the Russian language in public life. But it rejects calls for a
federal structure that it says could lead to permanent Russian
interference in the east and eventually break up the country.
U.S. Secretary of State John Kerry said in Geneva that if by
the end of the weekend there were no signs that pro-Russian
groups were pulling back, there would be costs for Moscow, a
reference to further EU and U.S. sanctions.
Russia said the threat of new sanctions against Moscow by
Washington was "completely unacceptable".
The Foreign Ministry accused U.S. officials of seeking to
whitewash what it said was the use of force by the Ukrainian
government against protesters in the country's mainly
Russian-speaking eastern provinces.
The Geneva deal did not mention Russia's annexation of
Crimea, though Western diplomats said they remained firm that
Russia acted illegally and denied they had dropped the issue.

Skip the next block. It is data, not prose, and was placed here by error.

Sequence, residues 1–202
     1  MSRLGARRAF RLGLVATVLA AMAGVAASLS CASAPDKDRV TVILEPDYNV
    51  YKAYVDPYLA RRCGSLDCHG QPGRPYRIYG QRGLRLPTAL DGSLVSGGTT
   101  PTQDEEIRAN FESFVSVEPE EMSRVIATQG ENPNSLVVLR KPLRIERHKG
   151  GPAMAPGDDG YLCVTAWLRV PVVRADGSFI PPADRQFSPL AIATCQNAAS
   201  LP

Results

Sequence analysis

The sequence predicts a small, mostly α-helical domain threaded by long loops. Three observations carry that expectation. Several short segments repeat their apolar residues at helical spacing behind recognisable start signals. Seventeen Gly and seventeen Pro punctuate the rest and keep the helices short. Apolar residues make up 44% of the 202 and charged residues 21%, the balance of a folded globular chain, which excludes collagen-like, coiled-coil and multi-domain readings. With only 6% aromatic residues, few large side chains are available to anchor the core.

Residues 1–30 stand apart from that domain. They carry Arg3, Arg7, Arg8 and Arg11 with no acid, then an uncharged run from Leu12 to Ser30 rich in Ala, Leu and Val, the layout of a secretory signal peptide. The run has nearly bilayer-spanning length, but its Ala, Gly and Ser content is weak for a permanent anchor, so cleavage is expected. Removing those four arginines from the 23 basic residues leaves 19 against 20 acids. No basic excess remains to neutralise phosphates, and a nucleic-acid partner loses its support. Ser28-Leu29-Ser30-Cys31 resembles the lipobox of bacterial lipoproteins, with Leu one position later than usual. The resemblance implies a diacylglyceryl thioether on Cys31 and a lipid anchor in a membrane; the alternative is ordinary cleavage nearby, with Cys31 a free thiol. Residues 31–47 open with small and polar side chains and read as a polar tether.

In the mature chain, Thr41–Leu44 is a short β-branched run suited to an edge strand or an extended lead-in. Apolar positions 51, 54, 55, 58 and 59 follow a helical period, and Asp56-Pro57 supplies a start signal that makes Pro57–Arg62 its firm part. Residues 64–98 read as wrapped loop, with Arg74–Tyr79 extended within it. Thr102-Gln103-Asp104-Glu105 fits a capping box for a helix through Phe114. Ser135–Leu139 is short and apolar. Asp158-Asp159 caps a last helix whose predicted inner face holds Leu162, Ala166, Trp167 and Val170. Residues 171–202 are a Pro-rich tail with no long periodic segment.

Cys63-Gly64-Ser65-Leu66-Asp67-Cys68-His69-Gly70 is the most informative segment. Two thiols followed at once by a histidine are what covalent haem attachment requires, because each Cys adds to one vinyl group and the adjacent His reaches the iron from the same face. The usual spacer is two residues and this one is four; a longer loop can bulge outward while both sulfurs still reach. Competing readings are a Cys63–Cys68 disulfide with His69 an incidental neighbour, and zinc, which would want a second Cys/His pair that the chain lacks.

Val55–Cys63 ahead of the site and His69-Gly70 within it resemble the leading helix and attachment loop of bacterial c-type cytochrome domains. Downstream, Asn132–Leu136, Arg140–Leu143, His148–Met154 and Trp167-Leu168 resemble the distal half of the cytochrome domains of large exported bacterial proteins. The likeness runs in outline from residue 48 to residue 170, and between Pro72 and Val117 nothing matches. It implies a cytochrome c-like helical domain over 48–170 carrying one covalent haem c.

The fact the agreement did not address Crimea could put
pressure on Ukraine's interim government from its own
supporters, who are adamant that everything should be done to
bring the peninsula back under Kiev's control.
The United States and EU have so far imposed visa bans and
asset freezes on a small number of Russians, a response that
Moscow has openly mocked. Western states say they are now
contemplating measures that could hurt Russia's economy more
Some EU nations are reluctant to press ahead with more
sanctions, fearing that could provoke Russia further or end up
hurting their own economies, which rely on Russian gas.
The Moscow-led South Stream undersea gas pipeline project to